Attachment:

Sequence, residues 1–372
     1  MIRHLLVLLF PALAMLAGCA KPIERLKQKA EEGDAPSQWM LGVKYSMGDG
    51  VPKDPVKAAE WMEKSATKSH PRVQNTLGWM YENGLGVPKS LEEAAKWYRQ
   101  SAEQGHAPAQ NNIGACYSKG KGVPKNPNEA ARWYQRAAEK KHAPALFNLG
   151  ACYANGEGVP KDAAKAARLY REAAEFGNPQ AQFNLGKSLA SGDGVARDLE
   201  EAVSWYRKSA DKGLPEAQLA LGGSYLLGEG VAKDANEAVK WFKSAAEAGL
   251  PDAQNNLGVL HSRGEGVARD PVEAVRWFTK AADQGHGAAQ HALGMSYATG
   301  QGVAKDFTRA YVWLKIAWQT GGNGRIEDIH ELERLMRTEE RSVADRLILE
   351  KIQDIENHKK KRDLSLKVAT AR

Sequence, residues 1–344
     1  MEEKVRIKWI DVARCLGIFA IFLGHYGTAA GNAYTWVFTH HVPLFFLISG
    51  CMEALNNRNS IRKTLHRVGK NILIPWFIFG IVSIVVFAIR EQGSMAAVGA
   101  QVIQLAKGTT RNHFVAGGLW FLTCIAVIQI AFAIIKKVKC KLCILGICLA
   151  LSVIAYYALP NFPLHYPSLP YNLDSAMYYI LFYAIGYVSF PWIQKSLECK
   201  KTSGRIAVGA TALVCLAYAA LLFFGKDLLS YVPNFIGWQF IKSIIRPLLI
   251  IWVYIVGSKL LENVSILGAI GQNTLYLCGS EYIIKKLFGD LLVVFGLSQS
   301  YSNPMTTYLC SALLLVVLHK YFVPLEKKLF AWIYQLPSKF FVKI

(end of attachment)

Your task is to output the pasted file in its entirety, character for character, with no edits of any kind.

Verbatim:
Sequence, residues 1–372
     1  MIRHLLVLLF PALAMLAGCA KPIERLKQKA EEGDAPSQWM LGVKYSMGDG
    51  VPKDPVKAAE WMEKSATKSH PRVQNTLGWM YENGLGVPKS LEEAAKWYRQ
   101  SAEQGHAPAQ NNIGACYSKG KGVPKNPNEA ARWYQRAAEK KHAPALFNLG
   151  ACYANGEGVP KDAAKAARLY REAAEFGNPQ AQFNLGKSLA SGDGVARDLE
   201  EAVSWYRKSA DKGLPEAQLA LGGSYLLGEG VAKDANEAVK WFKSAAEAGL
   251  PDAQNNLGVL HSRGEGVARD PVEAVRWFTK AADQGHGAAQ HALGMSYATG
   301  QGVAKDFTRA YVWLKIAWQT GGNGRIEDIH ELERLMRTEE RSVADRLILE
   351  KIQDIENHKK KRDLSLKVAT AR

Sequence, residues 1–344
     1  MEEKVRIKWI DVARCLGIFA IFLGHYGTAA GNAYTWVFTH HVPLFFLISG
    51  CMEALNNRNS IRKTLHRVGK NILIPWFIFG IVSIVVFAIR EQGSMAAVGA
   101  QVIQLAKGTT RNHFVAGGLW FLTCIAVIQI AFAIIKKVKC KLCILGICLA
   151  LSVIAYYALP NFPLHYPSLP YNLDSAMYYI LFYAIGYVSF PWIQKSLECK
   201  KTSGRIAVGA TALVCLAYAA LLFFGKDLLS YVPNFIGWQF IKSIIRPLLI
   251  IWVYIVGSKL LENVSILGAI GQNTLYLCGS EYIIKKLFGD LLVVFGLSQS
   301  YSNPMTTYLC SALLLVVLHK YFVPLEKKLF AWIYQLPSKF FVKI